I’m just hitting over the two-month mark (of seven) of my time here in Thailand. I’ve been fortunate enough to travel all around the country and even to places such as Singapore and Indonesia. South East Asia offers budget travel options, and going from Ho Chi Minh to Jakarta to Manila to Yangon isn’t so much of a far-fetched itinerary if planned correctly. Needless to say, I’ve made lifelong friendships, enjoyed some great company, and have devoured some great authentic cuisine.

The clinical portion of my co-op is now over, from the wound dressings, learning the basic techniques behind suturing patients, to the fieldwork and home visits, I have truly come to appreciate all that I’ve been able to witness and experience first-hand. In the coming weeks, I’ll have the opportunity to work alongside academics and scholars from all around the world in order to understand our most pressing health needs.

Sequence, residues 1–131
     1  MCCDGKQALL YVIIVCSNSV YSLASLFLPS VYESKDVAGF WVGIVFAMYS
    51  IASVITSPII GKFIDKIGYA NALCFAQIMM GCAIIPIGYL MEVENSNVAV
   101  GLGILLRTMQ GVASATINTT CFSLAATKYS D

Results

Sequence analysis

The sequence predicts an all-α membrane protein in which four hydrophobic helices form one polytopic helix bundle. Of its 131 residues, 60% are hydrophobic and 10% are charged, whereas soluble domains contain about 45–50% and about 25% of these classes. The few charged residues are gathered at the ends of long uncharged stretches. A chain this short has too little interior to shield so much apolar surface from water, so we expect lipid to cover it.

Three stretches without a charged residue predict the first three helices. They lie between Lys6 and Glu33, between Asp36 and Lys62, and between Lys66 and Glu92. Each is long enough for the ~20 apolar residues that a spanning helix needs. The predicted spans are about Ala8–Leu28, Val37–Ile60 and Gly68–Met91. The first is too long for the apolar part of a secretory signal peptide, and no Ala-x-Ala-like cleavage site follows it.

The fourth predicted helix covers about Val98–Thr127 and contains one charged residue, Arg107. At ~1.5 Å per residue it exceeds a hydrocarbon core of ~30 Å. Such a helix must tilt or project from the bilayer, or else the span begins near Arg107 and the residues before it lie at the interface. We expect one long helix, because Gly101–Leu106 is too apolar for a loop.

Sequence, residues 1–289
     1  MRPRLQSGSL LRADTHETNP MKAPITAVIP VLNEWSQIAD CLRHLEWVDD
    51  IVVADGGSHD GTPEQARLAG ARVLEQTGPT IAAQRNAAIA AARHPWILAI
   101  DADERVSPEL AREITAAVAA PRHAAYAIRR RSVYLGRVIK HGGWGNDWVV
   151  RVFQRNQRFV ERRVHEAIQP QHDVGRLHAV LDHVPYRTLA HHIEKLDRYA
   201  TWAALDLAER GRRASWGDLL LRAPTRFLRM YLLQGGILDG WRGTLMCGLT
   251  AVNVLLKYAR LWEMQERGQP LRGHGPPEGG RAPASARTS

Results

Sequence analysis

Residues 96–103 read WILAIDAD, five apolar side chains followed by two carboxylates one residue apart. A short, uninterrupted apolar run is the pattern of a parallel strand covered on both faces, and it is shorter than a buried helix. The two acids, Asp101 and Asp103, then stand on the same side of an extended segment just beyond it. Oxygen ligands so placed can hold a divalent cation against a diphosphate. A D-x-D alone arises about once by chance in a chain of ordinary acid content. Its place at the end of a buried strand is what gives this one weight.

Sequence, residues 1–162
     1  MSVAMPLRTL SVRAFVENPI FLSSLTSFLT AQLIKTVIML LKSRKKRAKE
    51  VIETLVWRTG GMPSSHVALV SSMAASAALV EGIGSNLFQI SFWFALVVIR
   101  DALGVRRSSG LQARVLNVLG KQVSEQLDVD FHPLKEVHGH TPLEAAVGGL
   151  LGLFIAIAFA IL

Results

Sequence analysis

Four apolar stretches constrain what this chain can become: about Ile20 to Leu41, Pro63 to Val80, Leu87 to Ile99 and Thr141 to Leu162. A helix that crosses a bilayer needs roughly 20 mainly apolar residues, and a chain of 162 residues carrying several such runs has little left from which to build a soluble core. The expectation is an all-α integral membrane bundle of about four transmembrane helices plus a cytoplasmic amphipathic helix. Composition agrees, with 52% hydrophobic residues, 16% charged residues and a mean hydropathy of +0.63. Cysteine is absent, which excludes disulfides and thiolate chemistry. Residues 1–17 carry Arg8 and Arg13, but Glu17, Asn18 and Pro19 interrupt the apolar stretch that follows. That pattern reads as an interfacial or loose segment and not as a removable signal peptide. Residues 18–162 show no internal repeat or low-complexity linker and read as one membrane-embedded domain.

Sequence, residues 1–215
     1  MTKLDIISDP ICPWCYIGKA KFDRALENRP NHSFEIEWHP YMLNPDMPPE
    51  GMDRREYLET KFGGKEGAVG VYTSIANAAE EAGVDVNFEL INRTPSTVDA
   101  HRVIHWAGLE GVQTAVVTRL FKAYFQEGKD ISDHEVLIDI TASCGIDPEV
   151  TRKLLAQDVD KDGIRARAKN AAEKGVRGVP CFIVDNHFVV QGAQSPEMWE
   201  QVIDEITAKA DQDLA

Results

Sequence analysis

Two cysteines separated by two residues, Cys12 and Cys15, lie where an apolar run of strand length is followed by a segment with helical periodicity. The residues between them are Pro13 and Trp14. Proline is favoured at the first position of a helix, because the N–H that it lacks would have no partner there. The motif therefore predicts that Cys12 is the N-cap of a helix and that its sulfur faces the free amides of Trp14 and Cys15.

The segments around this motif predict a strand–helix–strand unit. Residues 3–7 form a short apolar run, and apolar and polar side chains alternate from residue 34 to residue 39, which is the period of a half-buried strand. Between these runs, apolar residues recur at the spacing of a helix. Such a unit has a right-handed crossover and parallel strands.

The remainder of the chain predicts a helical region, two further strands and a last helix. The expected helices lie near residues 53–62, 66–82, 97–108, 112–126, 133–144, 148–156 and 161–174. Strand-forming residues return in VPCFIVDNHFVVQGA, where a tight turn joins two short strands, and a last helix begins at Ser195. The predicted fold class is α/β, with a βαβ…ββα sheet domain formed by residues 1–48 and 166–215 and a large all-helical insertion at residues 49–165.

If you want the opportunity to create the life you dreamed of living, pursue an international co-op. Okay, perhaps that last sentence was a bit over zealous, but go ahead and start searching. Don’t be afraid. At times, travel can be difficult, especially when you are without the basic comforts of your home. New York Pizza isn’t right around the corner, nor is Newbury Street just a stone’s throw away. However, the excitement, the novelty, and access to new ideas, information, culture, and ways of thinking will take you much farther in the scope of it all. Go on.

John is a 4th year health sciences student at The Bouvé College of Health Sciences. With a nose for exploration and travel, John will be writing from Southeast Asia about his experiences on co-op in Surin and Bangkok, Thailand. There, he’ll be volunteering in community clinics, in addition to conducting public health research at Chulalongkorn University. Follow his adventures on Instagram: johnsirisuth.